Na/K pump The "sodium Potassium" pump pulls 2 potassium ions in for 3 Sodium ions sent out, this further creates a charge difference
Depolarization When the neuron is stimulated, the following events occur: Sodium ions rush into the axon, this neutralizes the negatives inside, inside becomes temporarily positive and outside negative, nearby sodium channels open to continue the depolarization
Repolarization This is the restoring of the positive charge on the outside and negative on the inside, potassium gates open and potassium floods out, this generates positive charge on the outside of membrane, sodium channels close
Refractory Period Brief period of time between triggering an impulse and when its available for another, no new action potentials can be created during this time
Threshold Stimulus If an axon is stimulated above its threshold it will trigger an impulse down its length, the strength of the response is not dependant upon the stimulus, an axon cannot send a mild or strong response, it either responds or does not
Graded Potentials Incoming signals, vary in strength, lose strength over distance, slower than action potentials, travels to trigger zone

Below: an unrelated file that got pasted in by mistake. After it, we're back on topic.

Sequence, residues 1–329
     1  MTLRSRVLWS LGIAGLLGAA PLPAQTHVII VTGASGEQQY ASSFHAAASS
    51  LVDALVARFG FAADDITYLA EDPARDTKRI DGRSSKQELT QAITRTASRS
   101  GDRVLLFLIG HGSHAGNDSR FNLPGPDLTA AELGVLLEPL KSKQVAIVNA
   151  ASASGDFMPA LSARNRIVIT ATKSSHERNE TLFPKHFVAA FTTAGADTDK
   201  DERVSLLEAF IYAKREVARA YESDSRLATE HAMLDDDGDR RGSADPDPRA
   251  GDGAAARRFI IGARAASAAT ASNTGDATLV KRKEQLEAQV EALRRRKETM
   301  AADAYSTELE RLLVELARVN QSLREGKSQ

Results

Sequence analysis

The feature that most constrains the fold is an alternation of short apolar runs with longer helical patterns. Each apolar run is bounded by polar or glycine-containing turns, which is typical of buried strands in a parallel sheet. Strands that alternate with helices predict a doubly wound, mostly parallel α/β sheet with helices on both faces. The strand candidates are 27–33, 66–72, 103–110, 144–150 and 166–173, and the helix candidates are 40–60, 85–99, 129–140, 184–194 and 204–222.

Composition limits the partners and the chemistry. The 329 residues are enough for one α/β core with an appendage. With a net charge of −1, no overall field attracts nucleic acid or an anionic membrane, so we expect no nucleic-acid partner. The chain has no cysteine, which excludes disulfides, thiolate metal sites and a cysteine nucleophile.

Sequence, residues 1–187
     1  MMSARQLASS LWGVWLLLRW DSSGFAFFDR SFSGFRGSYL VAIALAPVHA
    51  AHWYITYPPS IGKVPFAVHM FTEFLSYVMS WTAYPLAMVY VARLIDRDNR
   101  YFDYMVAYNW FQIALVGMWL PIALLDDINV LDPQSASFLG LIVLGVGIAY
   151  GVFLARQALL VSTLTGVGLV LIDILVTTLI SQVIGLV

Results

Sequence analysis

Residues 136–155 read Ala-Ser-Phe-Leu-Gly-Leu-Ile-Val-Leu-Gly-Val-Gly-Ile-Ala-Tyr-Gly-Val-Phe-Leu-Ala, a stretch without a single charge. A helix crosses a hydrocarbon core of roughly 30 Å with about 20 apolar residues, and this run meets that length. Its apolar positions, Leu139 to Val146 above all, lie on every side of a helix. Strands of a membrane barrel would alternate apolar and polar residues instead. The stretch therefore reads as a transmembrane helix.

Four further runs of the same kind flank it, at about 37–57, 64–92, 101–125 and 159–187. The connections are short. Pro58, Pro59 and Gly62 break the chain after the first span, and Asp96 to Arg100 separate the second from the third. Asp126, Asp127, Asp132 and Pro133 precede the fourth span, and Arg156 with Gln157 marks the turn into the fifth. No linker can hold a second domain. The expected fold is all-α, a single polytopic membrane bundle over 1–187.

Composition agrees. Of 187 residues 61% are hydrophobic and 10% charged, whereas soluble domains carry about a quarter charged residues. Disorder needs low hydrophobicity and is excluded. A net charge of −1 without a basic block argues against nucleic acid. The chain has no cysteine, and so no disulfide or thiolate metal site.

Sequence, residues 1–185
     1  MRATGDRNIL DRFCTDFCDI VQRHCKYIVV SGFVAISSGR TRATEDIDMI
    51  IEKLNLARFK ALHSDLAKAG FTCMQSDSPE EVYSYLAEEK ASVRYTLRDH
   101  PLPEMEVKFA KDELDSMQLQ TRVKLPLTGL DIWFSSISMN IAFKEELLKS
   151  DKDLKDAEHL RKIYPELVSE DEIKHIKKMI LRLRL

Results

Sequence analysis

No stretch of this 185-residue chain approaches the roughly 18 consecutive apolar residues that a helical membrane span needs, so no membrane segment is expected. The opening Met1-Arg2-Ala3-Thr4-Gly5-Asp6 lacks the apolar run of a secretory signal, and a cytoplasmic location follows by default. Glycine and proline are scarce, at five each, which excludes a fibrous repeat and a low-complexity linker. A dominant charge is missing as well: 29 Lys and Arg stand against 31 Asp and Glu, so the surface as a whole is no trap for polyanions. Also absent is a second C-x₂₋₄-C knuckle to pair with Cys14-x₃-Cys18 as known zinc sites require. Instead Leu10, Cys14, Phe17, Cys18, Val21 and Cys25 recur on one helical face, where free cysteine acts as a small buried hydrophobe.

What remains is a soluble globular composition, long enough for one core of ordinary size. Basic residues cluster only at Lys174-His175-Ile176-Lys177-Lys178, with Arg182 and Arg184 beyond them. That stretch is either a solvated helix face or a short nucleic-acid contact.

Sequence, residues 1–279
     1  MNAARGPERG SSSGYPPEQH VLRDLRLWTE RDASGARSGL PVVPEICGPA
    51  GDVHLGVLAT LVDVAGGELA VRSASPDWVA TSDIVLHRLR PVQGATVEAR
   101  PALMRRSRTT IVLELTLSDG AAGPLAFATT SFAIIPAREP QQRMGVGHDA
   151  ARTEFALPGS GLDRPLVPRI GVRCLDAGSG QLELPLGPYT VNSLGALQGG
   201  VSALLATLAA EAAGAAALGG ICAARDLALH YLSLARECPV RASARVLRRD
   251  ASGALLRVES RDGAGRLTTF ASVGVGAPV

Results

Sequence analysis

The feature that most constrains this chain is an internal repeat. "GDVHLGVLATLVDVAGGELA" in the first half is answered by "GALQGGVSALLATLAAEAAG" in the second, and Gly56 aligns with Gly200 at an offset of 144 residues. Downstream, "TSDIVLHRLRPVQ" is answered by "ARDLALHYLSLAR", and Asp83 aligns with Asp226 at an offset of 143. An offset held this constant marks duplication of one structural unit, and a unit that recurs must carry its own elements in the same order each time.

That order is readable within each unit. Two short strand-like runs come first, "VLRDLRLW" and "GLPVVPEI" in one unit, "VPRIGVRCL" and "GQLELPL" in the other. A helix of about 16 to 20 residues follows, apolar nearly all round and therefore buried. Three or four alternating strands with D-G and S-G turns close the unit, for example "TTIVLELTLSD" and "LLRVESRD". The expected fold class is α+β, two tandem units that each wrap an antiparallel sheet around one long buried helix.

Subthreshold too weak, no generation of action potential
Corresponds to the period of repolarization of the neuron Relative refractory period
Process by which the resting potential is decreased as sodium ions move into the axon Depolarization
State of an unstimulated neuron's membrane Polarized
Period during which potassium ions move out of the axon repolarization
also called the nerve impulse action potential
period when a neuron cannot be restimulated because its sodium gates are open absolute refractory period
Mechanism by which ATP is used to move sodium ions out of the cell and potassium ions into the cell; completely restores and maintains the resting conditions of the neuron Sodium-Potassium Pump
Point at which an axon "fires" Threshold
Term for a weak stimulus Subthreshold
Self-propogated depolarization action potential
Codes for intensity of the stimulus Frequency of impulses
Membrane potential at which the outward current carried by Potassium is exactly equal to the inward current carried by sodium Threshold
A voltage change that reduces the ability of a neuron to conduct an impulse; the membrane potential becomes more negative Hyperpolarization
A local change in membrane potential in which current flow is quickly dissipated, that is, decremental Graded potential
An all-or-none electrical event Action Potential
A voltage change that brings a neuron closer to its threshold for firing; the membrane potential becomes less negative and moves toward 0 Depolarization
Results from the opening of voltage-regulated ionic gates Action Potential
Results from the opening of chemically regulated gates or energetic stimuli graded potential
Characterized by a rapid polarity reversal Action Potential
Created by: knuepril